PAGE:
Your water breaks and the clock starts ticking.  At least, that's what happens to many moms – during home births, during hospital births, and during birth center births.  Water breaking generally means care providers will start counting down to a mandatory cesarean.  It's understandable that you want to know how to have a bag of waters that's going to stay strong until late in labor!

How to Build a Strong Bag of Waters

What is PROM?

First, lets look at the definition of “premature rupture of membranes” (or PROM).  It's also sometimes called “pre-labor rupture of membranes.”  This means the water breaks before labor – generally an hour or more before.

“Prolonged rupture of membranes” indicates that the water has been broken for a long period of time (most hospitals use 12 hours as a measure) – this is a benchmark because of worry of infection, and in many hospitals is an automatic cesarean (even if no signs of infection are present).

The term “PPROM” means preterm, premature rupture of membranes – in other words, your water breaks before 37 weeks gestation.

Once a PROM, Always a PROM?

If your waters released before labor began in a previous pregnancy, does that mean it's going to happen in another pregnancy?  Many moms worry about this, especially if they felt they were trying to “beat the clock” in a previous labor.  So is it inevitable that your waters will break?

No.

Sometimes we don't know why waters break before labor begins.  It happens spontaneously in about 10% of pregnancies (some women consent to having their water broken by a doctor or midwife to try and start or speed labor) – so some women have it happen as a simple variation of normal.  If that's you, keep reading because I have advice for you, too.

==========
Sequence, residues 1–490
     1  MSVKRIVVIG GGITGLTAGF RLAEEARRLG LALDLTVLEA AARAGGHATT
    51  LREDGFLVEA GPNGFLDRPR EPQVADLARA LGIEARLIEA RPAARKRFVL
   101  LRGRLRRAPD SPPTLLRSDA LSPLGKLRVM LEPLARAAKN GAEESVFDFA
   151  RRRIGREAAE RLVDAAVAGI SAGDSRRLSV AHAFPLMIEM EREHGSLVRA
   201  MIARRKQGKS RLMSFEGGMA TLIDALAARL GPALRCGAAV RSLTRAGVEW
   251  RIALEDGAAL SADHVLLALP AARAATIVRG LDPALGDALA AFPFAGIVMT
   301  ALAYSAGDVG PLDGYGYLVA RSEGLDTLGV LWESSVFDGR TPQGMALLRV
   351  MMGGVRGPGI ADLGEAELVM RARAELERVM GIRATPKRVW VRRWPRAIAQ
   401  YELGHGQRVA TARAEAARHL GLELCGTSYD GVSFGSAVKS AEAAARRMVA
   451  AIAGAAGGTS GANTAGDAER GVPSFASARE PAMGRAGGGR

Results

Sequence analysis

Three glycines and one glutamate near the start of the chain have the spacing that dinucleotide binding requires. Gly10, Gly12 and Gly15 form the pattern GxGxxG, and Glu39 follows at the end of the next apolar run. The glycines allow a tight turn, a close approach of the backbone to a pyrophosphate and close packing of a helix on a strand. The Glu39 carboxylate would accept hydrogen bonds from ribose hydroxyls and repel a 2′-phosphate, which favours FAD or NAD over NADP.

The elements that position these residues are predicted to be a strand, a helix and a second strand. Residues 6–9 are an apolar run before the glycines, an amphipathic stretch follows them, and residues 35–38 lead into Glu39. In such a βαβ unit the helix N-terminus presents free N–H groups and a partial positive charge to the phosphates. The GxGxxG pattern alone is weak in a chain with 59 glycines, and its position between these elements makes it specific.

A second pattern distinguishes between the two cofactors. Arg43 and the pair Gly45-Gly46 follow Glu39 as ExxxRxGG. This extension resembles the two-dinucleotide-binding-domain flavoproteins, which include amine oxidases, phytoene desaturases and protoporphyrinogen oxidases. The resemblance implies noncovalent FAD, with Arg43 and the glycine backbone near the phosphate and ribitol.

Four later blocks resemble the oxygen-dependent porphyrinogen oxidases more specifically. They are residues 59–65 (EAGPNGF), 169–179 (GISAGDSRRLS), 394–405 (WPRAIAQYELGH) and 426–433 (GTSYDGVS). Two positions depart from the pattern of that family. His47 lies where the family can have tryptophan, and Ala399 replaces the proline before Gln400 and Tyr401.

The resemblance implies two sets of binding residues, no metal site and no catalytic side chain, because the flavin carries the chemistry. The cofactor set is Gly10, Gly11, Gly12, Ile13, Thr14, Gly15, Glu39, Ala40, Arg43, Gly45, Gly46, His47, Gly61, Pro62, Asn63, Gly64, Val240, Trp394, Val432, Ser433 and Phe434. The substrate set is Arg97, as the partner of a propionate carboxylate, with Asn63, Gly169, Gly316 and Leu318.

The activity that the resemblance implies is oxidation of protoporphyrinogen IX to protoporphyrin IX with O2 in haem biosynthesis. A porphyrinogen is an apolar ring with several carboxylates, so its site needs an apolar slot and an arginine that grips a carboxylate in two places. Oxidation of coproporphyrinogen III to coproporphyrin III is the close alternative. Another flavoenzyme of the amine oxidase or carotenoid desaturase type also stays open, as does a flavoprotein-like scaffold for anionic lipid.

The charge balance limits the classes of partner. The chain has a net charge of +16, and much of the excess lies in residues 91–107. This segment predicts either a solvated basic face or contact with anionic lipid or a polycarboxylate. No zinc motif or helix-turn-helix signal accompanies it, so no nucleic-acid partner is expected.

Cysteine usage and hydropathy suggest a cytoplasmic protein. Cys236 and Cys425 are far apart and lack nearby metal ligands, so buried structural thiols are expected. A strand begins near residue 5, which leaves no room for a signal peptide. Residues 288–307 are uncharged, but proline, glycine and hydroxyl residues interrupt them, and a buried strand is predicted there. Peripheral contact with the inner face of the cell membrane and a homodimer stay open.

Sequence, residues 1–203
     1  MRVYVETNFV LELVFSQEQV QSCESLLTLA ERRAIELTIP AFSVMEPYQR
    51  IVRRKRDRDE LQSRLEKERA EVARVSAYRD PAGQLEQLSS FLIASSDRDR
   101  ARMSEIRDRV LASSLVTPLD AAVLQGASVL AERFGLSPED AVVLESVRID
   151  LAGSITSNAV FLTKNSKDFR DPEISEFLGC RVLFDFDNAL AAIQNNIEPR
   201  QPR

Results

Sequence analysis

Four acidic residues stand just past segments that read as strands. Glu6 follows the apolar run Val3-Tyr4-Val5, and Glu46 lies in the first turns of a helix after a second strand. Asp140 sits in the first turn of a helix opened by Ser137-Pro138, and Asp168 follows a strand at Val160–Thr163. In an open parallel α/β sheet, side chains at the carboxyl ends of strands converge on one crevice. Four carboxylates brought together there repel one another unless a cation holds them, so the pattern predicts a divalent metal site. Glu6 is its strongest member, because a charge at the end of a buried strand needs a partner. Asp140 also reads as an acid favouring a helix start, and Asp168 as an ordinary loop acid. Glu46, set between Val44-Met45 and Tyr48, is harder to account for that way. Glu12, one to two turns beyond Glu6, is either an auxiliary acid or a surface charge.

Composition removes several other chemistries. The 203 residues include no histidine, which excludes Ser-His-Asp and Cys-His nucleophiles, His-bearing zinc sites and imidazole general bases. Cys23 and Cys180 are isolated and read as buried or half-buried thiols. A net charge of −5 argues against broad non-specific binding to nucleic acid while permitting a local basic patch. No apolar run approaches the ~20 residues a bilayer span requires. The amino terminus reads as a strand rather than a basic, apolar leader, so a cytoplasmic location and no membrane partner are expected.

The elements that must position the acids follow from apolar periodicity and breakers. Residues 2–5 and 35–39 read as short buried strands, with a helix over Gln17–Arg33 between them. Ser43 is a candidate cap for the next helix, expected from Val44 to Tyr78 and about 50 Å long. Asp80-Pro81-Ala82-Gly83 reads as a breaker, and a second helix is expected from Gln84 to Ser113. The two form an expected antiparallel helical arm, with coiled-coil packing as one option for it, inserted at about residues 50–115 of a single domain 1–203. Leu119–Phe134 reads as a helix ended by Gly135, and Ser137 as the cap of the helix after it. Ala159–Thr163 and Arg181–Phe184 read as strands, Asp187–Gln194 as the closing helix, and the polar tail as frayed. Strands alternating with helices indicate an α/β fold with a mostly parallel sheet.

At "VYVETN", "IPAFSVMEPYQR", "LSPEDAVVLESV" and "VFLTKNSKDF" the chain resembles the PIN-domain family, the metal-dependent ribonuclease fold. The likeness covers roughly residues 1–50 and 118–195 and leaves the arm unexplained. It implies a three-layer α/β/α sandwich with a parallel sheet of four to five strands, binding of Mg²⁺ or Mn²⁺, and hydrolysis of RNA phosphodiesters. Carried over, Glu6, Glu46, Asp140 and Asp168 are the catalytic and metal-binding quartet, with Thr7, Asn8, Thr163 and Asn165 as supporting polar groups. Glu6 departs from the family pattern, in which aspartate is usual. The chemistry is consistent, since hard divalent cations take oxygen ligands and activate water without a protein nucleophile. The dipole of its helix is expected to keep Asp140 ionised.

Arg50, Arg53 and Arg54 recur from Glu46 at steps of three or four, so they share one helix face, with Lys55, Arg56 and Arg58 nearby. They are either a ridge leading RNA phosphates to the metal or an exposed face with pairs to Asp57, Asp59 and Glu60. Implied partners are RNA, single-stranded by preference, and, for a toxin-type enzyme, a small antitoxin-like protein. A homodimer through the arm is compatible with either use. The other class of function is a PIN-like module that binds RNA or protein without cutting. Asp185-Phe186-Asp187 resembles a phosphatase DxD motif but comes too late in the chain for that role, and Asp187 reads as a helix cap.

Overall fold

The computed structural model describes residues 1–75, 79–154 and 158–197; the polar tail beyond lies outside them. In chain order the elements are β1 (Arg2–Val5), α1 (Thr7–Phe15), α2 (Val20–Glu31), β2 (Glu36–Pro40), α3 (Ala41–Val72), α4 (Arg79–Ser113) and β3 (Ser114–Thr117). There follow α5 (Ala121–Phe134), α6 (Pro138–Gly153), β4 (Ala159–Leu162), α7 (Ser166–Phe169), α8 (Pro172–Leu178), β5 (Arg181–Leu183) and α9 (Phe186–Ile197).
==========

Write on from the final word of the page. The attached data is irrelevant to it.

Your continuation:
But you can take steps during pregnancy to reduce the chance that your waters will release before labor or early in labor.  Releasing late in labor gives both you and your baby the benefit of a “cushion” provided by the water as your baby navigates through your pelvis and into the birth canal.

Most women will have their water break during transition or just before pushing, though a few special babies are born with membranes intact.  Being born with these membranes, the amnion on and chorion, intact as the bag of waters, is often called being born “in the caul.”  It's not dangerous – it simply means the bag needs to be opened as soon as baby is born.

The bottom line is, you can build a strong bag of waters:

Building a Strong Bag of Waters